Last Sunday morning, the social media world was abuzz at the sight of a BMW 535xi wagon parked in front of a fire hydrant in Boston. Not only was it inconvenient for the firefighters trying to put out a blaze, but it was the second time since April that a BMW owner decide not to find legal parking. His reaction afterward was very un-BMW-like, though.
The reaction on the Boston Globe’s Facebook page was one of unmistakable outrage, with a lot of respondents suggesting that the firefighters should’ve smashed the windows and run the water line through the car.
Which, of course, is what Boston firefighters actually did during a deadly fire in April. Responding to an eight-alarm blaze, the firefighters found another BMW parked illegally in front of a hydrant. They busted the windows out and ran the water line straight through the interior, surely to the pleasure of anyone looking on.
It plays right into the stereotypes that most people have about BMW drivers. They’re rude. They’re inconsiderate. If anyone cuts you off in traffic, there’s about a 68% chance that they’re piloting a BMW.
The Boston Fire Department tweeted the image of a second BMW parked in front of a hydrant:
This never helps pic.twitter.com/EoEKSgTDYJ
— Boston Fire Dept. (@BostonFire) November 16, 2014
This time it wasn’t going to be long before this particular BMW owner knew how people felt about him, though. There, for all the world to see, was his Massachusetts Cape and Islands license plate. It wasn’t going to take long to figure out who the owner was.
The Boston Globe found out and got in touch with the owner, Jeff Conklin, an attorney, a patent-holder and a guy who once successfully battled with IBM over patent infringement.
He’s also a single dad. He was returning from a meeting with his twin five-year-old children’s teacher. It was a meeting during which — he told the Boston Globe — he worried “about whether he was doing a good job as a parent.” The teacher reassured him that he was. “I was in this state of really intense relief and gratitude,” he told the Globe. “I don’t even remember driving home.”
“It was dark when he backed into the spot,” the Globe story goes on. “The fire hydrant was on the rear passenger side. He swears he didn’t see it. He got out of the car, crossed the street, and walked home.”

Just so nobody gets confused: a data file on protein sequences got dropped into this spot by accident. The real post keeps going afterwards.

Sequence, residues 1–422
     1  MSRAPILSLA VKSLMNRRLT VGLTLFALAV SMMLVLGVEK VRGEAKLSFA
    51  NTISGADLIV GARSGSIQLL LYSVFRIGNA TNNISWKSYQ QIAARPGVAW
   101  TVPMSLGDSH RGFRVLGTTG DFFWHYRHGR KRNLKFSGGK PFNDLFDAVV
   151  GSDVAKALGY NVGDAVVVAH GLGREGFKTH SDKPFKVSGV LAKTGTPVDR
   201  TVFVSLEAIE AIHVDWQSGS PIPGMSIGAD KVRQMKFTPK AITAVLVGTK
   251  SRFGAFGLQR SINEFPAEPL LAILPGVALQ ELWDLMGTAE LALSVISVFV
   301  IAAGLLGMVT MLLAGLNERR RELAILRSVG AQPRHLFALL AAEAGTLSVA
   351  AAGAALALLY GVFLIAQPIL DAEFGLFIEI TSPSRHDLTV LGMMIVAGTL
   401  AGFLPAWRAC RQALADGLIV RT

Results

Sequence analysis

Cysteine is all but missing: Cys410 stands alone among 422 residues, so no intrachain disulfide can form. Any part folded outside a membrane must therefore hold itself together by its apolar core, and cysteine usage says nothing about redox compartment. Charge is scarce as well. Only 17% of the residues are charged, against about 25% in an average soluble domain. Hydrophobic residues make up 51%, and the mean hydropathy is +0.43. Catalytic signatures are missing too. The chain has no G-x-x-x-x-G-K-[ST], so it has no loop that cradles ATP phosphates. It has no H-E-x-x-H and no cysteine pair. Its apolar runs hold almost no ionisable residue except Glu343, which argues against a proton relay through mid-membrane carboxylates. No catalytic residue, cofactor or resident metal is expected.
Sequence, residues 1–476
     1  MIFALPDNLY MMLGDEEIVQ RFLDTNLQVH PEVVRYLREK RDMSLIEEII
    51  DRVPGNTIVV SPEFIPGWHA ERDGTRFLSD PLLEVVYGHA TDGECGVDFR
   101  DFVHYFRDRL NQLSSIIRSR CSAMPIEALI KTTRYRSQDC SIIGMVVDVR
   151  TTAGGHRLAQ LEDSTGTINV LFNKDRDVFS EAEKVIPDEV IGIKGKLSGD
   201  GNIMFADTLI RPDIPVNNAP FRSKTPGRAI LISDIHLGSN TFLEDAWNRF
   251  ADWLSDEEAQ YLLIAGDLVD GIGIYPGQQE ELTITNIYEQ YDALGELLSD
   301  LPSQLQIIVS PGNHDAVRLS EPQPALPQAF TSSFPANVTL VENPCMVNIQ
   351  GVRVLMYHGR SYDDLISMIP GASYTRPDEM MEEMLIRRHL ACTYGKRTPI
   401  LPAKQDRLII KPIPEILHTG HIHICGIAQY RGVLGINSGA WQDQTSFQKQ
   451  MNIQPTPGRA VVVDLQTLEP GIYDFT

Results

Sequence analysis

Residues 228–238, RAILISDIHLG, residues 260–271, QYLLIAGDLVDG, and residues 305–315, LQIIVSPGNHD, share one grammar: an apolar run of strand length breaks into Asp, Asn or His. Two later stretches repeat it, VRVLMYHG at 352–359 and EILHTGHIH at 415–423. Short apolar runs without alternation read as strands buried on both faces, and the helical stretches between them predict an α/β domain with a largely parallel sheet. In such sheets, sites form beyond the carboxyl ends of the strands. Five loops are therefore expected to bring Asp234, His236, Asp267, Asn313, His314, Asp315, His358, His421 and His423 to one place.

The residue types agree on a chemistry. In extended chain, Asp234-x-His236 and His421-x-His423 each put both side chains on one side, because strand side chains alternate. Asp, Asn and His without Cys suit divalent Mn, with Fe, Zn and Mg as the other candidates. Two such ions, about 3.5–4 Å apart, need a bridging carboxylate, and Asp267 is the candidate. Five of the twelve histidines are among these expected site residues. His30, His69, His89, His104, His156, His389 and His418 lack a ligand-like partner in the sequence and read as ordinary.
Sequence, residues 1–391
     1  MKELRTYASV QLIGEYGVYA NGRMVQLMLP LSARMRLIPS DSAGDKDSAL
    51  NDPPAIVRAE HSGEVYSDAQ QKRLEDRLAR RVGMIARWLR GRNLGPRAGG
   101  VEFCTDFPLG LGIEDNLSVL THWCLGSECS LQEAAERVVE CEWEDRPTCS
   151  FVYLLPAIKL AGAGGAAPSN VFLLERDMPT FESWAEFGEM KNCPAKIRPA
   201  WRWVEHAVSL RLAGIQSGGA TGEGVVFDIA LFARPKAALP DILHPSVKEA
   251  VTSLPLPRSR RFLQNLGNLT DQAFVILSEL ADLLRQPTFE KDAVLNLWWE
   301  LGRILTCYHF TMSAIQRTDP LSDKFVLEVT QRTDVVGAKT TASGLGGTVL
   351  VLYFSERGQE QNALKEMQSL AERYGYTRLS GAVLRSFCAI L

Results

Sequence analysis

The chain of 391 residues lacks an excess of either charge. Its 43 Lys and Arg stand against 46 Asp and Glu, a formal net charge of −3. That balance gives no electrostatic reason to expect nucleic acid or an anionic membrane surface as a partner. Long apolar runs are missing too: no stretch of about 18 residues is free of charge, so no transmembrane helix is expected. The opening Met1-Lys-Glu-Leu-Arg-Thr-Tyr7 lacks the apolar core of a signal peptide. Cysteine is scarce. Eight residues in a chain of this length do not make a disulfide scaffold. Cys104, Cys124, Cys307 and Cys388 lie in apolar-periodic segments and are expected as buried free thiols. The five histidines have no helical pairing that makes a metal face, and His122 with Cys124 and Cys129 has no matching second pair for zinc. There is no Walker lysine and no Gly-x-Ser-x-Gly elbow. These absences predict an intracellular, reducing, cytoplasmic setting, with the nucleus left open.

Then the internet exploded.
Boston’s South End is a notoriously difficult place to find a parking spot, and frankly, it’s easy to forget where you left it. Conklin was out walking his dog on Sunday morning as the firefighters were finishing up their work on the blaze that displaced seven people from their homes. He noticed that a red car had been damaged by a fire truck because it parked too close to the hydrant. The same one where his car was parked the day before, and from where it was towed.
Later that day, a Globe reporter called the house. He still had no idea his car had been towed, and that he’d been the subject of many a vitriolic Facebook post.
Conklin was “mortified,” according to the Globe. He immediately walked to Engine 22 in Boston’s South End to apologize.
The firefighters were enormously kind. No one had been hurt in the blaze, they assured him. And though a department spokesman says his illegally parked car had made it harder to fight the fire, Conklin says the firefighters assured him it hadn’t. Perhaps they were just trying to make him feel better.
They kept saying, ‘Don’t worry about it, relax,’ ” Conklin recalled. A firefighter named Skip Askia was especially nice: He remembered Conklin from earlier in the day, when he’d stopped by with his son and his dog. Conklin offered to buy the firefighters dinner, but they declined.
Instead, Askia offered to do something for him, telling him to bring his little boy to the firehouse for a tour.
This week, Conklin has talked to Boston Fire Fighters Local 718 about making a $5,000 annual donation to the charity of their choice.
“I understand why there would be character assassination,” he told the Globe. “If my mistake means there will be less incidences of people parking in front of hydrants then I am willing to pay the price.”
(IMAGE SOURCE: Boston Fire Department, WCVB)